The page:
ABOUT 80 per cent of all market vendors in the Pacific are women, and these earnings make up a significant portion of incomes of many poor households. In spite of their contribution to the local economy and to markets, women are often excluded from market governance and decision-making. ~ The Fiji Times
Following up from the previous post on cooperative and collaborative financial behaviour in rural and informal economic conditions where I’d stated:
The fact that both simple and sophisticated groups exist within the rural and informal economy imply that the factors that predispose people to turn to cooperative and collaborative solutions for managing their finances in conditions of uncertainty and unpredictability are thus related to factors external to the local culture or society, and have more to do with the similarity of the conditions inherent in the operating environment of the informal and rural economies of the developing world.
These include irregular cash flows from a variety of sources, multiple income streams over the course of the natural year, seasonality inherent in agricultural crop cycles, and lack of a social safety net.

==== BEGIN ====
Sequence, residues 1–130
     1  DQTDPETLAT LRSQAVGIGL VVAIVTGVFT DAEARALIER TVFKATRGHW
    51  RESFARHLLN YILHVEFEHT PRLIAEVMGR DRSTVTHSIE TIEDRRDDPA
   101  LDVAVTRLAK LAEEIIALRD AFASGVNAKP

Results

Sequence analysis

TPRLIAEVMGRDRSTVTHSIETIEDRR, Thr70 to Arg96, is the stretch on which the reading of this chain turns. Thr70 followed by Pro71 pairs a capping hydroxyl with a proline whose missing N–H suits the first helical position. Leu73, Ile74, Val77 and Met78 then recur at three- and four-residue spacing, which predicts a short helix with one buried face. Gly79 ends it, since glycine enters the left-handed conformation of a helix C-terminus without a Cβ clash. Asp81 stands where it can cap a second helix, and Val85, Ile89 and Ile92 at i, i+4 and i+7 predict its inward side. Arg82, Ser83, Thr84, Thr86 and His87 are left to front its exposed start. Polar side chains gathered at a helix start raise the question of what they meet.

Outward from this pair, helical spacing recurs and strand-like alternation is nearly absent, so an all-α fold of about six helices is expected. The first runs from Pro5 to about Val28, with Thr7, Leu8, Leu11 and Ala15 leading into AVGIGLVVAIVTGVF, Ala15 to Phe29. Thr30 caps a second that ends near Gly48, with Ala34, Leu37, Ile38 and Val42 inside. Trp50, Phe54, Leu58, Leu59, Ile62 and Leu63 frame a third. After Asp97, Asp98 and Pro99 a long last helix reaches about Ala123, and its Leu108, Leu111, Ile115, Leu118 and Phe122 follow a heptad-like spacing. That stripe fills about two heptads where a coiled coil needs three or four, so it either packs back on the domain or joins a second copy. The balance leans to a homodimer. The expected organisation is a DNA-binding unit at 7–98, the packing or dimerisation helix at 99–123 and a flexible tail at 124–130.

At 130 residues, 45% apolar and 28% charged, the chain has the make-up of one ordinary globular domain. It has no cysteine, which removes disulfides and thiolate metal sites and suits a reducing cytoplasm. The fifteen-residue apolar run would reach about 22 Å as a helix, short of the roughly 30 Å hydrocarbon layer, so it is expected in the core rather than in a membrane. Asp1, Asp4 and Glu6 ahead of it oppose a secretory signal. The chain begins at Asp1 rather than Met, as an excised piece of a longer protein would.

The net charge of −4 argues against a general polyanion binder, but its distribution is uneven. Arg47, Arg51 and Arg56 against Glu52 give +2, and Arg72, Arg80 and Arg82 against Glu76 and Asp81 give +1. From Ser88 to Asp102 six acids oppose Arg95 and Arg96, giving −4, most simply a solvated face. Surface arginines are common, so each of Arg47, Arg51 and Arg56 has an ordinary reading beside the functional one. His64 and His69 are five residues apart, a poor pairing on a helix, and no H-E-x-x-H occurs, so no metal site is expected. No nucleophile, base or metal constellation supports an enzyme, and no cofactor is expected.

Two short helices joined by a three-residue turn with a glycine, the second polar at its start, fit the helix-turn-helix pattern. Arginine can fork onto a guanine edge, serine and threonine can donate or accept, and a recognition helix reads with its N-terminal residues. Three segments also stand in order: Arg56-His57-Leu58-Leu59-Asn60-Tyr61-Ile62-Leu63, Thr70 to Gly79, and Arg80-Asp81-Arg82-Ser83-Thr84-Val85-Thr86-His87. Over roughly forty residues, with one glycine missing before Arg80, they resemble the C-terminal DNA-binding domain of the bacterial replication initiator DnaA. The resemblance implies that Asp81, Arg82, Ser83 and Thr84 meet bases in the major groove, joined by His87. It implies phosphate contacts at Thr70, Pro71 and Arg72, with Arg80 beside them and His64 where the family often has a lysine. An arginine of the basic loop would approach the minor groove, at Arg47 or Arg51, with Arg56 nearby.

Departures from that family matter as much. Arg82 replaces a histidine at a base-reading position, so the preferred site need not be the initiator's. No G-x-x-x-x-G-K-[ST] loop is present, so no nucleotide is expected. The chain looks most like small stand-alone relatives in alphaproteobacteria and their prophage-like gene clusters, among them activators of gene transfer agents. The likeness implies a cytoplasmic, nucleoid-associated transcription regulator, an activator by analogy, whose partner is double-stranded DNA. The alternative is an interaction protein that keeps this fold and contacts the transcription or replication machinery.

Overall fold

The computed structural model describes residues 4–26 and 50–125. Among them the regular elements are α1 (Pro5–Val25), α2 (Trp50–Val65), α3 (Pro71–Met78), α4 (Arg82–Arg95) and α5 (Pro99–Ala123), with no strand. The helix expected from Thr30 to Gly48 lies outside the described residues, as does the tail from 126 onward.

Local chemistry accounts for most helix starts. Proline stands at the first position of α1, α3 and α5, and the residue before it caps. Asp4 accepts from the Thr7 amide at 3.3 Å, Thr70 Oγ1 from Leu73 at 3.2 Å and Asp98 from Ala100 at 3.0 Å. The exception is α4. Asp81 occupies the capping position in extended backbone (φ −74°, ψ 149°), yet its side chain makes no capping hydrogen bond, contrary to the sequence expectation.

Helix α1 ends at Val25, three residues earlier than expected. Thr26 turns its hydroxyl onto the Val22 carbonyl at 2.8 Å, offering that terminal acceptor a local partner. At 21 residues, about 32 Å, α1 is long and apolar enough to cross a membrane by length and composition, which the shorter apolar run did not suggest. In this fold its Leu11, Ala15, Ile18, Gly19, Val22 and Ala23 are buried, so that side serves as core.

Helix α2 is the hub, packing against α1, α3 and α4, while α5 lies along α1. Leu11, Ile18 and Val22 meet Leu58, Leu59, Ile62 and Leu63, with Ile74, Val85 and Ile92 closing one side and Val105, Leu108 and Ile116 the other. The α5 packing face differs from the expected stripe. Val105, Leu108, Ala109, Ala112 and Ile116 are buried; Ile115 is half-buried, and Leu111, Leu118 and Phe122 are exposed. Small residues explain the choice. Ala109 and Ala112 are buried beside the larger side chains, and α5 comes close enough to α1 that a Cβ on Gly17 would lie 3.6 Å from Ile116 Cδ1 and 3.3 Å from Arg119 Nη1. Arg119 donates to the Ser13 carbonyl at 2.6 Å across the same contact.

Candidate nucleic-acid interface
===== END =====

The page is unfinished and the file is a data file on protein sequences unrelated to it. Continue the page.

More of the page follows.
I thought to share the snippet above on an article I came across from The Fiji Times about a Market Vendor Association gathering of women traders from across the island nations in the Pacific Ocean – all the way across our planet from the continent of Africa – and how familiar I found their words describing their obstacles and opportunities. Mama Biashara spans the globe with her trade.
This commonality only underscores our need to capture, document, analyze, and understand the operating environment of the informal economy, thus laying the foundation for its recognition as a very natural and organic response to similar conditions and constraints – a global phenomena, if you will, and thus, not just a local or regional embarrassment to be eradicated.